It was inevitable that this West Country derby would be a talking point this weekend, especially since the Exeter Chiefs hadn’t beaten Bath since 1978.Â
So the question on everyone’s lips was, could they turn the tables on home turf at Sandy Park? Â Nearlyâ€¦ but not quite!
Rob Baxter wanted a bright start for Exeter, and that’s what he got. Â A dominant forwards pack saw a steady set scrum which made Bath uncomfortable and uneasy. Â That wasn’t all. Â Three scrums in seven minutes would be tough on any player, but Exeter were marking their territory and quite rightly so, showing Bath why it’s so hard to play at Sandy Park as the Tomahawk Chop resounded round the stands.Â
From the outset the visitors looked passive in their set piece; somewhat disjointed and under confident. Â Bath failed to win any line outs in the first-half and Exeter’s momentum and resilience saw them pounding and tiring the Bath defensive line. Â
The Chiefs are renowned for playing a lethal, physical, attacking game and their ability within the forwards pack signaled their intent: But I must admit, when Bath did manage to handle the ball, it was Ford who proved why he should be in an England shirt. Â
For example, an extremely well-timed pop to a quick-stepping Ollie Devoto, enabled him to angle his line of attack and rip through a poor Exeter defence from half way, to score a some-what soft try.
However, I felt for the Chiefs; their work rate so far had been consistently high, but irregularly spaced inside defenders will always provide the opposition with extremely fortuitous gaps.
Exeter’s patience and continuity however were proving positive and their passion clear to see. The Chiefs were awarded a penalty, just short of half time and fancying their chances, kicked for touch.
With two minutes to go, the forwards drove the maul, accompanied by the Tomahawk chop which roared around Sandy Park. Â An outstanding effort from Dave Ewers gained them ground but it was Ben White who headed straight over the line, scoring a vital try! Â Â
Right on the stroke of half time, Exeter’s hard work had paid off. Â Could they keep up the momentum going into the second-half? Â Â
It was Bath who showed glimpses of hope on the attack in the second half but poor phases of play and handling errors saw them fall short of the try line. Â But Bath then started to clear their bench, with Anthony Perenise a change in the front row, Peter Stringer on at scrum-half, Nick Abendanon on for Matt Banahan and Anthony Watson moved to the wing. Â Surely this would this help them find their feet and gain control of the game?Â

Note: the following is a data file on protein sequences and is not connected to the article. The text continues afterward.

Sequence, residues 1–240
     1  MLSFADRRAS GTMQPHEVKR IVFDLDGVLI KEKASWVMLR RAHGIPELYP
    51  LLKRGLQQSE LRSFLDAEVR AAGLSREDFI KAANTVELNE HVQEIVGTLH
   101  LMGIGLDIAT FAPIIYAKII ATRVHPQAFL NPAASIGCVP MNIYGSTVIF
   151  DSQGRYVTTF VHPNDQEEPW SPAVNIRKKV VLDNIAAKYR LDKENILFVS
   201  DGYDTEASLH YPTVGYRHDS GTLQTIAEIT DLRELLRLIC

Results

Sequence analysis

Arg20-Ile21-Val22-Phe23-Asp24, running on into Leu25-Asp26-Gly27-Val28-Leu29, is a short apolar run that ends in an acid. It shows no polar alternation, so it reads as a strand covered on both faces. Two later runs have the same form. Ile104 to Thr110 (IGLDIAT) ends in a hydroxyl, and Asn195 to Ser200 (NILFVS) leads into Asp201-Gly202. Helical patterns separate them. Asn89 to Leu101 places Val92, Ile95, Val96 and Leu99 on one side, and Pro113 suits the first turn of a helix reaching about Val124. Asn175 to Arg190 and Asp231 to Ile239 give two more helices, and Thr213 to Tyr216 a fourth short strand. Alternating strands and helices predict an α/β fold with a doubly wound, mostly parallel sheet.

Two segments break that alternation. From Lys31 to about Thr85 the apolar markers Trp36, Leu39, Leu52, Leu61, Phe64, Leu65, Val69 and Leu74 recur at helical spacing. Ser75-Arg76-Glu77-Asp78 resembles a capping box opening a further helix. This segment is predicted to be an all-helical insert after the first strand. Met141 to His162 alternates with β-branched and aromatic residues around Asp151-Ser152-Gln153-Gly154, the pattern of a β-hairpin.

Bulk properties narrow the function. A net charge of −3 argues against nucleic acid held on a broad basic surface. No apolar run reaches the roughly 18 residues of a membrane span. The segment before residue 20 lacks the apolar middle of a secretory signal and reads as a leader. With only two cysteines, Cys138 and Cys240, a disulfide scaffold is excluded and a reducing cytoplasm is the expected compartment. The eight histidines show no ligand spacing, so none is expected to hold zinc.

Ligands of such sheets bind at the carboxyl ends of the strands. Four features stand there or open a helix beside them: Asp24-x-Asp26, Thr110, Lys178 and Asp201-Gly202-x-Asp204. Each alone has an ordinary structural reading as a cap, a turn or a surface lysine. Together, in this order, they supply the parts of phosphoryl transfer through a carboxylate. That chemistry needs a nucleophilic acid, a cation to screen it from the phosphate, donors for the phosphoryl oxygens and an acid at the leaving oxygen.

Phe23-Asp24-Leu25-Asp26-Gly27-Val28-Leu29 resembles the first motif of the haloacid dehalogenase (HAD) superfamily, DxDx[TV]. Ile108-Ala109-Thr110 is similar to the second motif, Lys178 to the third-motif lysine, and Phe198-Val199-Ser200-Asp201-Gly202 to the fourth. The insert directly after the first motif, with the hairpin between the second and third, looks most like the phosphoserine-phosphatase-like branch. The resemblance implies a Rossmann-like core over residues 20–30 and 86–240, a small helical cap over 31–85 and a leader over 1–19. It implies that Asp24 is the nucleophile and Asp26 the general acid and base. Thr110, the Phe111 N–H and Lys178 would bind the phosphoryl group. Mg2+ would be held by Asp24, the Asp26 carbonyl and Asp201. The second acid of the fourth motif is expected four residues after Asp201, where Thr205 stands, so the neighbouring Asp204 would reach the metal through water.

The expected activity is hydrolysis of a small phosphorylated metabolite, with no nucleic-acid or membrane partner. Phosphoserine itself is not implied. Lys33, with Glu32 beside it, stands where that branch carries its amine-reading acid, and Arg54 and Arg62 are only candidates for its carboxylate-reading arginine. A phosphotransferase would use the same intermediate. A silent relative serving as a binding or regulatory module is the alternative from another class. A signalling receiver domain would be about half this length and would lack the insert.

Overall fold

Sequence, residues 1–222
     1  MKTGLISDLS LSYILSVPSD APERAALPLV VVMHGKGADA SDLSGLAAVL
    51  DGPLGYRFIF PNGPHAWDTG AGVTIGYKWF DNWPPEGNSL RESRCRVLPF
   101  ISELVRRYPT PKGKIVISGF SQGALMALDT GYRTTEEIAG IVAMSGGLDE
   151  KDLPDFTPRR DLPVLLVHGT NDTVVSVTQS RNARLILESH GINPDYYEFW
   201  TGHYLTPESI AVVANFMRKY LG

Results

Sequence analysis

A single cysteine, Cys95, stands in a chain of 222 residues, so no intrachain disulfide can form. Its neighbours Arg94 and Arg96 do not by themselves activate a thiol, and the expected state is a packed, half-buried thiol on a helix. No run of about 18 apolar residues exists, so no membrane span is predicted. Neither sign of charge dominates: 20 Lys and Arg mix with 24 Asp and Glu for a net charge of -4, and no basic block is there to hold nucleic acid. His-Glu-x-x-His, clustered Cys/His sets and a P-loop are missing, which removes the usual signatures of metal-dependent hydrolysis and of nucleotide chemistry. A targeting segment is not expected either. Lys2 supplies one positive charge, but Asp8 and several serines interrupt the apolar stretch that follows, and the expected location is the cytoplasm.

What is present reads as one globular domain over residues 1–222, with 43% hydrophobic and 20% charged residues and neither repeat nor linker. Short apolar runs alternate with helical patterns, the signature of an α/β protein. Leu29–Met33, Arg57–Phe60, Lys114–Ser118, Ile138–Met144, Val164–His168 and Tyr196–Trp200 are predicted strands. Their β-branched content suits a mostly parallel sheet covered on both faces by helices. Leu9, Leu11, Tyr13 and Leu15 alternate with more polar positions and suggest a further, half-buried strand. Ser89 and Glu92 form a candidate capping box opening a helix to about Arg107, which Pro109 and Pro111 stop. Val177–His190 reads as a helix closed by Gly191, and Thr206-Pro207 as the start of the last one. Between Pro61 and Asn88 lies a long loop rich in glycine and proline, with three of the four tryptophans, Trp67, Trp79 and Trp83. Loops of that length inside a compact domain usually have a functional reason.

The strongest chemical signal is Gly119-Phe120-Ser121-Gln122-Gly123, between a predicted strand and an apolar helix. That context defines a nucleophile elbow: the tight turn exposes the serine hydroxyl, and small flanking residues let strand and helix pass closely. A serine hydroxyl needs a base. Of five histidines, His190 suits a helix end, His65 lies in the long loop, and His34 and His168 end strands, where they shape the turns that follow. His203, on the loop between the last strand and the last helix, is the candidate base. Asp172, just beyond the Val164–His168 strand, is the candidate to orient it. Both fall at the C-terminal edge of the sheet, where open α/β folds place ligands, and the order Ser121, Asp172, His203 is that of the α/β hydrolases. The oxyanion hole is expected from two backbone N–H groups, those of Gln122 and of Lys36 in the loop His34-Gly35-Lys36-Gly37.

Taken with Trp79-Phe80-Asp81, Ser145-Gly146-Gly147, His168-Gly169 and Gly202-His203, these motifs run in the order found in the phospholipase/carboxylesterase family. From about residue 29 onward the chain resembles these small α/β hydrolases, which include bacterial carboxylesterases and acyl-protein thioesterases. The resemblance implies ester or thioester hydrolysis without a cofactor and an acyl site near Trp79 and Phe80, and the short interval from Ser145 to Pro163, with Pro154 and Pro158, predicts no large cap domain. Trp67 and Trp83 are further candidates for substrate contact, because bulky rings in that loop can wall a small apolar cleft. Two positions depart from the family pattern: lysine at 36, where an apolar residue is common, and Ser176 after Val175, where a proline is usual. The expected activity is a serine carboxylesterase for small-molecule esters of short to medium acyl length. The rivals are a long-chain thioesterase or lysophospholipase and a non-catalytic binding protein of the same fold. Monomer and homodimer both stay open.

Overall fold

Initially, Exeter’s defensive effort proved sound but Bath now upped their intensity and started to threaten as their phases of play became clinical and concise. Â
It was only a matter of time before this focused effort would deliver a try and it was enthusiastic Kyle Eastmond, accepting a pass from Ford and breaking through Chiefâ€™s defensive line, who delivered the goods: Â A really strong piece of continuity play by Bath. Â It was definitely the first time they’d looked dominant and deadly on the attack. Emptying the bench had paid off.
Shortly followed by a show of brilliance when Nick Abendanon took a wide pass from Ford, belted down the wing, chipped the ball, chased it and then finished the display with flair and grounded the ball. Â The Clermont-bound player flashed his â€˜Class Actâ€™ credentials and in the last quarter of the game, Bath were coming into their own.Â
Nevertheless, Exeter exerted again and bounced back on the attack. Â It was electric to watch as they played the ball safely though hands from one side of the pitch to the other at real pace. Â
Bath couldn’t drift quick enough to cover their 22 and a gap was created out wide, handing a golden opportunity to Ian Whitten who broke through the passive or somewhat non-existent Bath defence to hear Sandy Park roar as he touched down. Â Just wow! Â The Chiefs were back in the game. Steenson converted. Â
The question now was, could they carry on and break this losing spell? Â Could Exeter close the one point gap? Â They advanced on the Bath line but the ball was stolen metres from the end zone and Ford cleared the ball. Â Abendanon galloped down the pitch for the chase and it was like ping pong; Â attack to defence, all that was parting these two sides was discipline. Â Suddenly, this game had rapidly rocketed in intensity, becoming too close to call!Â
But finally, with a penalty awarded to Bath in the dying stages, Ford sealed the deal for the visitors. Â It was so near – yet so far, for Exeter. Â If they had kept their passes simple late on, would they have made history with a drop goal? Â
Hindsight is a wonderful thing. They couldn’t afford to run the risk of losing possession and it proved very expensive, costing them the game.Â
Exeter showed admirable strength of character but Bath pipped them at the posts, quite literally. Â Overall, both teams were balanced in the scrum and even though line out possession was won hands down by Exeter in the first half, the second half was an uphill struggle.Â
Quality and composure edged it for me, enabling Bath to steal the win. Â Exeter lost control in the final stages of the game but if they re-evaluate and work hard, I’m in no doubt the Chiefs will be top four contenders in the Aviva Premiership.Â
I look forward to reporting from Allianz Park next Sunday as Saracens host the Exeter Chiefs!
By Rhiannon Chandler-Day